Maria poured the cuppa and was rewarded with a wide smile and a "Thanks, luv."
Just the right combination to ensure Maria would have to turn to hide her returning blush and that Clyde would have to eat another biscuit to hide his giggle.
"I am a gay, homosexual teenage boy. I am sure about my sexual orientation. I definitely want to declare it at this point in my life."
For a moment everything seemed to hang frozen in space. A bit of biscuit hung suspended from Clyde's gapping mouth. The kettle falling from Maria's hand balanced contrary to all laws of gravity on the edge of the sink. Sarah Jane's cup was poised at her lips, the liquid swelling out just over the rim by a second miracle of physics, as her eyes widened exponentially with each word coming from her son's mouth.
As people who had traveled in both space and time, the current inhabitants of Number 13 Bannerman Road recognized the phenomenon for what it was: a moment of pure, unmitigated awkwardness.
That is everyone except for Luke, who appeared to be on a roll.
"I am comfortable with my sexuality," he continued. "And Clyde says I'm improving every day. He said . . ."
"Luke!" Clyde and Maria's voices were punctuated by the metallic clank of a kettle and a spray of biscuit crumbs. The look of horror on Maria's face was surpassed only by the sheer terror that currently graced Clyde's.
"I've done extensive reading on the subject, starting with Plato's Symposium all the way through Todd Gregory's Every Frat Boy Wants It."
Sarah Jane calmly sat the cup of tea down in front of her.
"Well, okay then."
"Maria, Clyde." She glanced around at the pair. "I need information on the Davros Institute. That name can't be a coincidence. See what Mr. Smith can come up with?"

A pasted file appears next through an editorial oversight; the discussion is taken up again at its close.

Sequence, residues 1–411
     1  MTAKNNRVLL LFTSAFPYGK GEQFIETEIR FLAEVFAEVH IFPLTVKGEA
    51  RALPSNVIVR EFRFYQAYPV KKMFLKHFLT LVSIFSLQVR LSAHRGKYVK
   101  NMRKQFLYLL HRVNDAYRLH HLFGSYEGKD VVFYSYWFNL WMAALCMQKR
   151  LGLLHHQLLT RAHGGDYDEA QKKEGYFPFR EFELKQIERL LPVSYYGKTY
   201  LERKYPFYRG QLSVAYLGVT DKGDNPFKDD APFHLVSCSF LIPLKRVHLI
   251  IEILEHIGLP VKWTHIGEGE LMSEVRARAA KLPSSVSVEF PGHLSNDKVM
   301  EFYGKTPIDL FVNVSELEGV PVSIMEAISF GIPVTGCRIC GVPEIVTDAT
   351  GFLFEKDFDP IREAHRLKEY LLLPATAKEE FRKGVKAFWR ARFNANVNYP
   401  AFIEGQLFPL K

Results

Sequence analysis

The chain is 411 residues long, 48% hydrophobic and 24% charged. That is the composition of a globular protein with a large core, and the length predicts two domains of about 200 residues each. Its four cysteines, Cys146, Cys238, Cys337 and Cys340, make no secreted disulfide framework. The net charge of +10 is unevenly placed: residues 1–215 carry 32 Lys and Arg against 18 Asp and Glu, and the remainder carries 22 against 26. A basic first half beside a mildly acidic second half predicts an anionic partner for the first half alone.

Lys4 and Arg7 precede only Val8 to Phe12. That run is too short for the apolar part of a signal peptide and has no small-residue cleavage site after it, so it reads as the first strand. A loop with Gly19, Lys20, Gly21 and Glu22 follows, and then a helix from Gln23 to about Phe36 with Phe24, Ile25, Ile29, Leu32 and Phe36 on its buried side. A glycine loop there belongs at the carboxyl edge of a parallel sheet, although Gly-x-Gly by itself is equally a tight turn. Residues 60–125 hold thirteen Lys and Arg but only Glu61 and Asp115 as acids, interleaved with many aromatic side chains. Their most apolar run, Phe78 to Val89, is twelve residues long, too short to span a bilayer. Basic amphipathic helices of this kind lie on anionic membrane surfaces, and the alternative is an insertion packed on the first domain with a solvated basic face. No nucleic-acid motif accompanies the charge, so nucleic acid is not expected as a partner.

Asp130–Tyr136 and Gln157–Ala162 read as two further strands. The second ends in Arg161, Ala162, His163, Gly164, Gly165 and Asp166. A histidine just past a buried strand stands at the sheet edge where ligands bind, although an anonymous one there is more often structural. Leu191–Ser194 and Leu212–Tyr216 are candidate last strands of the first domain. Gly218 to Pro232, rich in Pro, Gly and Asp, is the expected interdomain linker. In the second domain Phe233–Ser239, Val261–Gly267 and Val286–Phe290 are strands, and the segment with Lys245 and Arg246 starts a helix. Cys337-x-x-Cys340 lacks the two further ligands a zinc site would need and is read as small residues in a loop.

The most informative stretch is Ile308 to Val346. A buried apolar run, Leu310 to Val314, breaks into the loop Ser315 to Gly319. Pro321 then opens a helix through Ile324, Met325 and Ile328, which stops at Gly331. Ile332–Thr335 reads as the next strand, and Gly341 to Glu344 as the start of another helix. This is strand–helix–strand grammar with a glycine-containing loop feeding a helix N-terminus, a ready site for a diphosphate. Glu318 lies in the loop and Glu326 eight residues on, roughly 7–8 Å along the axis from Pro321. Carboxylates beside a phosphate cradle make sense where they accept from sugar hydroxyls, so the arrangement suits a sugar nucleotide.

"Sure." Maria's hand lingered on the back of Sarah Jane's chair as she looked between Luke and Sarah Jane.
Clyde, nodding, hovered near Luke. "Okay?" he whispered, squeezing his shoulder. Luke nodded and Clyde followed Maria for the attic.
"And Clyde, I'll want to have a word with you later," Sarah Jane called.
In the hall, Maria and Clyde exchanged a look.
Alone in the kitchen, Sarah Jane looked across the table at Luke. She wasn't sure what she was supposed to say in a moment like this. Most parents have 16 years to come up with profound wisdom for such situations. But she'd only had three.
"So." Very profound that.
Luke nodded, but didn't meet her eyes.
He looked up, confused.
"Then good for you, Luke."
His forehead screwed up in confusion. "You're not angry or disappointed?"
"No, of course not. Why would I be?" She reached across the table and took his hands into hers, rubbing them gently. A few years ago she would have laughed at the thought of finding herself part of such a picturesque moment, but it seemed the most natural thing to do when it came to it.
"But you have to go through six stages of understanding to reach true acceptance."
"According to the literature I've been reading." She almost laughed. Almost. Luke was so earnest, his eyes filled with such sincerity.
"More of your research." She allowed herself a bemused smile. "Let's see it."
She looked at the back of the brochure. It read: "The stages of understanding are 1)shock, 2)denial, 3)guilt, 4)expressing feelings, 5)making decisions, and 6)true acceptance."
She looked at Luke again, then back to the brochure in question.
"Your announcement was a bit shocking I suppose. Startling in its bluntness if nothing else," she trailed off.
"Right, then." She cleared her throat and smiled at her son. "Oh, this can't be," she started, the affection in her eyes belying her words. "This is all my fault for letting you spend time with Jack last summer. That's three."
"I love you. That's four. As for five, no more sleepovers with Clyde. You sly little. . . But I do love you, Luke. No matter what. I loved you when you turned your iPod into a homing devise and a fleet of Geminese raiders trampled the geraniums in the front garden. And I still loved you after you stowed away on the Tardis, didn't I? And I'll love you no matter who you decide to love."
She loved it when Luke smiled.
"So Clyde . . ." she began, lifting her cup of tea once again.
"Yeah, Clyde," Luke beamed.
She winked at him over the rim. "I admit I figured it wouldn't be Maria."
"But Maria will make an excellent step-mother for me."
This time Sarah Jane did spill her tea.